Why people apply to medical school: implications for widening participation activities

Med Educ. 2007 Aug;41(8):815-21. doi: 10.1111/j.1365-2923.2007.02798.x.


Objectives: This research aims to identify the influences contributing to students' decisions to study medicine and to apply the findings to the design and targeting of outreach activities aimed at widening participation.

Methods: Semi-structured interviews were carried out with 15 medical students at a UK medical school. Framework analysis was used to identify themes and subthemes and findings relating to becoming a doctor were analysed further in the context of a theory of career decision making.

Results: Five themes and subthemes were identified. We report the results for the 3 main aspects relating to becoming a doctor from the theme School to Medical School Transition: early motivation; inhibitory factors, and facilitating factors. Many students spoke about having always wanted to study medicine. Early exposure to the possibility of being a doctor allowed the idea to flourish and motivated students to achieve high academic goals. Inhibitory factors included discouragement from application by teachers on the grounds of not being 'doctor material'. Factors which facilitated access to medicine included the support of family members, particularly mothers, and other close friends, and having positive role models.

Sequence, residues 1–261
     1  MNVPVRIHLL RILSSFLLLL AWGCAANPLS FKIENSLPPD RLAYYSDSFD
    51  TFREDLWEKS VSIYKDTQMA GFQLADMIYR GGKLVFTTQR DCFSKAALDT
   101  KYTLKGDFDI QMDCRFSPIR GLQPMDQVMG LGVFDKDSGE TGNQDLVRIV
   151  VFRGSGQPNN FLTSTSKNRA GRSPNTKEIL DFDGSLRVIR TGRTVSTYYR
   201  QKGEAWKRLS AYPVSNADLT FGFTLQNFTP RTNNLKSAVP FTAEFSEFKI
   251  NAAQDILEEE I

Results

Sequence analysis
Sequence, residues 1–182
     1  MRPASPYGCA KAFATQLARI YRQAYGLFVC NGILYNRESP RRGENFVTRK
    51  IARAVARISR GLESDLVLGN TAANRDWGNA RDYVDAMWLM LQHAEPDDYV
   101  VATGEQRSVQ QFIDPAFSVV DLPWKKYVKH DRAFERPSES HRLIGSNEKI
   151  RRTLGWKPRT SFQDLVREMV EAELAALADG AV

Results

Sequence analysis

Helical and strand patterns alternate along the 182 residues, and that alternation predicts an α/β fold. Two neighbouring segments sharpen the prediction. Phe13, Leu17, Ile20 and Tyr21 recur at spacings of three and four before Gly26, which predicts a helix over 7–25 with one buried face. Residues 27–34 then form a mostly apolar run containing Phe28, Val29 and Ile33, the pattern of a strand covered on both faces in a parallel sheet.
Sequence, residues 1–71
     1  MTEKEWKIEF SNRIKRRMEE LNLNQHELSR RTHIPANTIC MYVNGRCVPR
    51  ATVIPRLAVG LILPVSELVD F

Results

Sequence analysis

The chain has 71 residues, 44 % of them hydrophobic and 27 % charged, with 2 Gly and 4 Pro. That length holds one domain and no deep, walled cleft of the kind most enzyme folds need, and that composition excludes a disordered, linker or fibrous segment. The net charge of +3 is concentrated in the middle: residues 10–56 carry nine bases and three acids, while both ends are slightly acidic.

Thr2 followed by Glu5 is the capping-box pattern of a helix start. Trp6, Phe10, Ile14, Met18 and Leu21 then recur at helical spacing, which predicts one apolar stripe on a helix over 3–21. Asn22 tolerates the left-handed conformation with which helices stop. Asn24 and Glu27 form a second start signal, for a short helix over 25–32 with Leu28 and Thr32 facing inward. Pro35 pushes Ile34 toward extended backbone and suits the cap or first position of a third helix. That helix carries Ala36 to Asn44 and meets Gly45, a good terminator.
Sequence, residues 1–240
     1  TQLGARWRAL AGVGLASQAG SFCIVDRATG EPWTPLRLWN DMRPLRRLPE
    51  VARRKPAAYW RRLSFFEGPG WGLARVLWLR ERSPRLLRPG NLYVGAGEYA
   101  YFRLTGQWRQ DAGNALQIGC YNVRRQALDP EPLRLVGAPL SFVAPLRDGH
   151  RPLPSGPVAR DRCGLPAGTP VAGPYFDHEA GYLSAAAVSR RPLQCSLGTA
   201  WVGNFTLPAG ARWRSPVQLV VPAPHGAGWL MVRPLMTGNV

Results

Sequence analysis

Conclusions: Our analysis provides evidence of important factors in career decision making for medicine which can be used to inform widening participation interventions in 3 areas, namely, those of school support, home support and raising aspirations.

MeSH terms

  • Adult
  • Attitude of Health Personnel
  • Career Choice*
  • Education, Medical, Undergraduate / organization & administration*
  • Female
  • Humans
  • Male
  • Motivation
  • School Admission Criteria*
  • Schools, Medical
  • Students, Medical / psychology*